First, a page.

City to learn emissions levels
This fall, Kamloops will learn just how far it has moved in becoming a more environmentally friendly city.
The Community Energy and Emissions Inventory (CEEI) is part of a provincial effort to track and report on community-wide energy consumption and greenhouse-gas emissions every few years.
While city officials will be watching the results closely, the report won’t necessarily be a reflection of what’s taking place at city hall.
Jen Fretz, the city’s sustainability and environmental-services manager, said the CEEI is different from what the city is doing in that the report measures all energy consumption and greenhouse gases for the entire community.
For now, the city is just tracking its own numbers as a corporation while it works on a strategy to become carbon-neutral by 2012.
“We want to make sure our house is in order before we go out to the community and ask the community to get their house in order,” Fretz said.
The effort is part of signing on to the province’s Climate Action Charter.
From solid waste to fuel consumption in city vehicles, Fretz said carbon neutrality is a huge challenge because almost everything has some kind of emission.
“It’s so big and all encompassing,” she said. “It’s a complicated and challenging process.”
Fretz is confident the new CEEI, with statistics from 2010, will show the community has made strides in reducing energy consumption and greenhouse gases.
The last report provided an interesting snapshot of how much energy and greenhouse gases the city uses and produces.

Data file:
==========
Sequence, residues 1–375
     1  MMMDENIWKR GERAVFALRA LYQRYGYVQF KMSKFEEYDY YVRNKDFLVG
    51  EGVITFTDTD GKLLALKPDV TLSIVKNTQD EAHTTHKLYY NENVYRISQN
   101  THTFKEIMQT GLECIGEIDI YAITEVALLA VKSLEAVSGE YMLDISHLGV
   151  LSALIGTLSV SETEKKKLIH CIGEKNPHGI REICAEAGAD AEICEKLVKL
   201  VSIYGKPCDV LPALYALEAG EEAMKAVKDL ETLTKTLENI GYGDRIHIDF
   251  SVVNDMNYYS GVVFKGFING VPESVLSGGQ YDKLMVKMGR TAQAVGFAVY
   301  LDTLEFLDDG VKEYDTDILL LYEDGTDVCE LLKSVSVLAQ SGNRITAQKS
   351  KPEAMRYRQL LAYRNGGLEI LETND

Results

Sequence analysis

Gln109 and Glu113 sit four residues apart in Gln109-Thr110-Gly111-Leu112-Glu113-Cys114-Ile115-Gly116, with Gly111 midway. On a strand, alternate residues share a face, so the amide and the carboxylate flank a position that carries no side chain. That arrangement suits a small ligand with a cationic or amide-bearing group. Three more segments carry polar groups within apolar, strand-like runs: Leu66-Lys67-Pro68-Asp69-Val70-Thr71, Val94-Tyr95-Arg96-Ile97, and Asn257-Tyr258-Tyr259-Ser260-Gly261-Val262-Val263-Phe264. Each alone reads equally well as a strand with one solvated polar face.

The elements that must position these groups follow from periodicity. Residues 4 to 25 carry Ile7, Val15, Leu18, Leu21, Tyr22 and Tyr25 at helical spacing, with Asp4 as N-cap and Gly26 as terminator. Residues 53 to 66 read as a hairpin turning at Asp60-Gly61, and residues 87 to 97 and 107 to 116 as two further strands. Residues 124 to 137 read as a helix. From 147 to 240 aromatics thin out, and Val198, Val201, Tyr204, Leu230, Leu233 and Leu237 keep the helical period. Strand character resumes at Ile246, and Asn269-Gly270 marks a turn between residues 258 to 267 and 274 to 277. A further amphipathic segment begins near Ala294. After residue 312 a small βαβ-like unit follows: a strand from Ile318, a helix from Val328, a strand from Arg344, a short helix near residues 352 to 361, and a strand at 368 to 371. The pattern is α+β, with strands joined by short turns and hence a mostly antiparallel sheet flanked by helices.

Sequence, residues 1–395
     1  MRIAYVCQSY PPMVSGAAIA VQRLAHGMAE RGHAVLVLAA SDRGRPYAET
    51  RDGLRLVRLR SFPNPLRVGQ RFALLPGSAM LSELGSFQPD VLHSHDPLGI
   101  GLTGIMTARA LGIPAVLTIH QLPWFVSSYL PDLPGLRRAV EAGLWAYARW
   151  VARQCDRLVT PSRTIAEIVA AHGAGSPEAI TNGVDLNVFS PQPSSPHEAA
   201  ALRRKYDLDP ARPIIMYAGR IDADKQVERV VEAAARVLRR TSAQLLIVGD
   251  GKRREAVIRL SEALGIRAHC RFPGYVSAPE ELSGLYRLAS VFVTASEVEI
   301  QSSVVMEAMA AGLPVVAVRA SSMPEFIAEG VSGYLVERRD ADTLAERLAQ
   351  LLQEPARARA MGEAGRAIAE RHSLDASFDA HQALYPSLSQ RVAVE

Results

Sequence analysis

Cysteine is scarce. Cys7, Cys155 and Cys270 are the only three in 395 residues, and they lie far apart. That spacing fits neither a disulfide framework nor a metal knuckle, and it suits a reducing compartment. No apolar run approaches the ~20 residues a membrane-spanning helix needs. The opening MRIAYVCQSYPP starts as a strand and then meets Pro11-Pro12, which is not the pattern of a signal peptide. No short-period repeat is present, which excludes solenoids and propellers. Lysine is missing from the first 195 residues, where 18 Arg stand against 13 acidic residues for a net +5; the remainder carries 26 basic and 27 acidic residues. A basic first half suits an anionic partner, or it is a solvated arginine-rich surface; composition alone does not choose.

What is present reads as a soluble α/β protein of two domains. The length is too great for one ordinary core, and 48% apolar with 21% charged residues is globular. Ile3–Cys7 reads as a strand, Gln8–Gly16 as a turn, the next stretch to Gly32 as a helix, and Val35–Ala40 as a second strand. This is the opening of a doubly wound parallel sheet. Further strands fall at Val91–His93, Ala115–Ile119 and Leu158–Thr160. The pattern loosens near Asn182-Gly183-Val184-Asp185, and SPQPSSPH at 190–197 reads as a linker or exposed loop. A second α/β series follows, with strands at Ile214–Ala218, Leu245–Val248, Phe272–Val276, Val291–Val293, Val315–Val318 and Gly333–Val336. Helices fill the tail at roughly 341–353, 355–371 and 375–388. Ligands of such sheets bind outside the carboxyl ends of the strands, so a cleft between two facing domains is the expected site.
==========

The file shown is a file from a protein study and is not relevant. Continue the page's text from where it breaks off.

Of all greenhouse-gas sources in Kamloops, 61 per cent come from on-road transportation, 29 per cent from buildings and 10 per cent from solid waste.
Road travel for all vehicles in the city produced 653,282 tons of CO2 emissions, while using up 11.7-million gigajoules of energy.
There were 17,406 small passenger cars in the Tournament Capital consuming more than 23-million litres of fuel.
The average car drove 13,516 kilometres, generating 56,009 tons of CO2 emissions.
There were 9,800 large cars consuming 22.9-million litres of gas, while creating another 55,642 tons of CO2.
The most popular modes of transportation in the city are trucks, vans and SUVs.
There were more than 24,106 vehicles driving around Kamloops consuming 73.5-
million litres of fuel and creating 195,000 tons of CO2.
When it comes to the commute to work, 87 per cent of Kamloopsians were either drivers or passengers in a private vehicle.
Just four per cent used public transit as their main mode of transportation to work, while another five per cent used their feet.
About half the workforce in the city has a commute less than five kilometres, while just six per cent are more than 25 kilometres from work.